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“The Self Owner” is an original weekly column appearing every Wednesday at Everything-Voluntary.com, by Spencer W. Morgan. Spencer is a husband and father, and has studied History and Philosophy at the University of Utah. Archived columns can be found here. OVP-only RSS feed available here.
Last week we examined in detail the concept of a “right.” It is a sphere of entitled free actions, the entitlement to which is non-conditional and need not be conveyed by any external source. The entitlement comes from reality itself, and the human condition. Many people may differ on their views of creation, but this question need not divide supporters of the proper concept of rights. Whatever process or being brought about the human condition, our condition is what it is… and that condition implies self-ownership. Our lives require us to be volitional actors and utilize our ownership condition in ways that presume it.
Now that we’ve established that each individual human is entitled, by virtue of their existence, to a certain range of self-owning actions, how do we deal with the results of those actions. How we address this question is very important. Mistaken approaches to this have led to some very enduring falsehoods and mistakes in the notion of rights.
Even though our human condition entitles us to take certain actions (without external interference via force), it doesn’t entitle us to the results of those actions. When we detach the idea of a right from the notion of entitlement to actions themselves, there is a tendency to assume an entitlement to results of actions without examining the way they were obtained. I’d like to examine a common fallacy that comes from conceptions of rights that go beyond entitlements to action.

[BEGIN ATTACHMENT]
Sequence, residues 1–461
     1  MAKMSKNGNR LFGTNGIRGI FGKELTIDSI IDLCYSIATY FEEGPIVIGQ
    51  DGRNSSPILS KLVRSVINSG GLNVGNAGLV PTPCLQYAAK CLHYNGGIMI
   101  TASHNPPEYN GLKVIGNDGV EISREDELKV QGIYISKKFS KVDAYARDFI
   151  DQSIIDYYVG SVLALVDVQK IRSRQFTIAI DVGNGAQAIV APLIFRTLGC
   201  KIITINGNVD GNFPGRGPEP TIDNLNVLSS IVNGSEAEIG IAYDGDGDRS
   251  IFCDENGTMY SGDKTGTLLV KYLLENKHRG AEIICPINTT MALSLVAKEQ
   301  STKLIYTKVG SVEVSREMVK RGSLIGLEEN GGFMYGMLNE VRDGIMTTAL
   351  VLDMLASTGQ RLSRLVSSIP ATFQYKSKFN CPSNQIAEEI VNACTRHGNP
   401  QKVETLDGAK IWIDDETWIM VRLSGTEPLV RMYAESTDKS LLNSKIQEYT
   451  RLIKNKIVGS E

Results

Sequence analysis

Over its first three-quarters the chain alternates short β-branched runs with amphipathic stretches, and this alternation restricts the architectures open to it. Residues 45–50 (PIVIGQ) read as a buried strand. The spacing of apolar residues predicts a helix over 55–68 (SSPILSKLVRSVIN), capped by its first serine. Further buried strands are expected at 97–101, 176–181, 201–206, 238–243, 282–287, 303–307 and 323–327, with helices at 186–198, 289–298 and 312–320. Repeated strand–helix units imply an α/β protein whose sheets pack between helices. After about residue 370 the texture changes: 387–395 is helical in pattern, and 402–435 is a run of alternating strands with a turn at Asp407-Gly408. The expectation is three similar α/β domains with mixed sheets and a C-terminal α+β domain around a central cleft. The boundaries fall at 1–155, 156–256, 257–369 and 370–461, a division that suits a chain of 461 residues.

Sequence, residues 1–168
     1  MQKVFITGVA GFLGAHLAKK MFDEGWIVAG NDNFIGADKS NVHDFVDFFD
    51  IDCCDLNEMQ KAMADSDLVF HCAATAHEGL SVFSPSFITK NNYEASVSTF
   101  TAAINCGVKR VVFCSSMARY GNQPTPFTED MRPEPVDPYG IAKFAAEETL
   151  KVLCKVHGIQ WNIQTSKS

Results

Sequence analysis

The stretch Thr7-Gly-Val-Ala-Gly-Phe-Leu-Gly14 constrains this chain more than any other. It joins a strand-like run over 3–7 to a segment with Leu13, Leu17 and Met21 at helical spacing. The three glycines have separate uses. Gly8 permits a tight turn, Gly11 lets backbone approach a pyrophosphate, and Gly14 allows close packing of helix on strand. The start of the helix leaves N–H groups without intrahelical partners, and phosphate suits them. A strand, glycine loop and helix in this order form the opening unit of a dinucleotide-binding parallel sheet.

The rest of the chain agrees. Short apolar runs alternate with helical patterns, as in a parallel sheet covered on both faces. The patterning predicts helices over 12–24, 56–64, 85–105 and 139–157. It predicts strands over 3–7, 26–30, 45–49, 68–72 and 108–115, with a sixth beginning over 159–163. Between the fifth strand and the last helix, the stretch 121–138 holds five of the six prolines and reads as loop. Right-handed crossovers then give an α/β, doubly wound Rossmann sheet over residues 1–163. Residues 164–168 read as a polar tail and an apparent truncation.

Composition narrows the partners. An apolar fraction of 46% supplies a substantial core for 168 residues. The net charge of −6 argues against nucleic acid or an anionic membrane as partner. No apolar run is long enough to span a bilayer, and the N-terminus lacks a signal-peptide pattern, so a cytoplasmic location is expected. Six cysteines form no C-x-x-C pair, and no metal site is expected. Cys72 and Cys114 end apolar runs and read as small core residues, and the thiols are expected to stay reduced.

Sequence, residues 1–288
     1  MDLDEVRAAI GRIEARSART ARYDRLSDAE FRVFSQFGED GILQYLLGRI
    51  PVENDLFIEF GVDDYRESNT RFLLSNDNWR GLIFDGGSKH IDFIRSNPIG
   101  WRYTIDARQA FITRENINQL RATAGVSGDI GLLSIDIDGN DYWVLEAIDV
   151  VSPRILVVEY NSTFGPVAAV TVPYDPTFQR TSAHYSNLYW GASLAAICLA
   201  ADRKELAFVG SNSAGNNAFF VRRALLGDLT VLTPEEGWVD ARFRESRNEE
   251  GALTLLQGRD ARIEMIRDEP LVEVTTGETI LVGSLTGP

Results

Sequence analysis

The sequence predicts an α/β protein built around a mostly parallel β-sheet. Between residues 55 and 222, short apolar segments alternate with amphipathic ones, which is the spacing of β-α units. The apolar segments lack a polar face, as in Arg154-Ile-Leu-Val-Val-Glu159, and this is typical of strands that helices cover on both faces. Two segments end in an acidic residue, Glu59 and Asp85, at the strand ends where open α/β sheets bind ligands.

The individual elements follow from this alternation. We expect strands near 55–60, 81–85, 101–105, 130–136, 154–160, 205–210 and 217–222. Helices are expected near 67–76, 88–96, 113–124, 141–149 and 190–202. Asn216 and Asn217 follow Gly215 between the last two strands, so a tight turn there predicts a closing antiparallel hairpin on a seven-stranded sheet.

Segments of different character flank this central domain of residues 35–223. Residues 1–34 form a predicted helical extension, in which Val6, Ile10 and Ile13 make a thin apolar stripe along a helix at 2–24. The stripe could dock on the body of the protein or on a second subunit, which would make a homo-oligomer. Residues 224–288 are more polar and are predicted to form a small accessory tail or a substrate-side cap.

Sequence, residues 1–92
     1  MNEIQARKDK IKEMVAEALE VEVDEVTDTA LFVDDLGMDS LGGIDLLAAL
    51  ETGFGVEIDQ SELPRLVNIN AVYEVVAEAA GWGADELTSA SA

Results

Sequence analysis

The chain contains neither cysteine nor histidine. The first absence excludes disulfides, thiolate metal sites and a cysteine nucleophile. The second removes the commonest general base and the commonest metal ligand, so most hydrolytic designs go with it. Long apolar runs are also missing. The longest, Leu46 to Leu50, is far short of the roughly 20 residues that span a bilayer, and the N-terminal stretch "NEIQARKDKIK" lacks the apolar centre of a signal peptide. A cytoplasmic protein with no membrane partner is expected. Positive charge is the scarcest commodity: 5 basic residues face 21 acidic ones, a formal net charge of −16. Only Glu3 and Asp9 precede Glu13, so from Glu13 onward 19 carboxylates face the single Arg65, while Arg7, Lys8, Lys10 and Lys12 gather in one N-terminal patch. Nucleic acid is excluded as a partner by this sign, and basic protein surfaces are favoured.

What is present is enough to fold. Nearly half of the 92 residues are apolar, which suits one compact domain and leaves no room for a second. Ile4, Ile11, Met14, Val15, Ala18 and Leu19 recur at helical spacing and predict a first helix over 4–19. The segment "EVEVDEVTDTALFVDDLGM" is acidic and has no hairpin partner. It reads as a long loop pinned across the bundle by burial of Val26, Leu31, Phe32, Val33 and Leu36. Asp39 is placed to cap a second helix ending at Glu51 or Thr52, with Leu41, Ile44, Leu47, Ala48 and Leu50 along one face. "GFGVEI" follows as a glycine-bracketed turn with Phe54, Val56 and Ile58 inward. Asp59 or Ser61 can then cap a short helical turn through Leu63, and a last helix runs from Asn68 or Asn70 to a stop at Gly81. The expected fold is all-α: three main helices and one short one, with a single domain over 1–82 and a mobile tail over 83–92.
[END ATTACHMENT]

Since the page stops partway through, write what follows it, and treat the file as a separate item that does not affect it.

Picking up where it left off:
Rights vs. Capability
One very common confusion with the idea of rights is to mistake capabilities for rights. While you have a right to take whatever self-owning actions of which you are capable, your rights are not decreased or violated by a failure in capability. I have a right to flap my arms and attempt to fly, but my inability to achieve the result does not reduce my rights. Since rights are an entitlement to my use of my self to attempt this, I am still acting on my entitlement whether I succeed or fail… so long as my entitlement was not interfered with by force from another. Only force or fraud violates rights… not consequences from reality.
Once we understand that the entitlement involved in a right is an entitlement to the action, or the attempt, we can see that while it entitles us to use ourselves to pursue an objective, a right does not entitle us to evade the consequences reality will impose. To suggest that one has a right to expect a certain result of our actions is to expect either that another is obligated to make up for our failures in taking those actions, or to expect that reality itself must change to our desires. The former requires a violation of the very concept of rights we started with, negating those individuals’ self-determination, and the latter is simply an absurdity.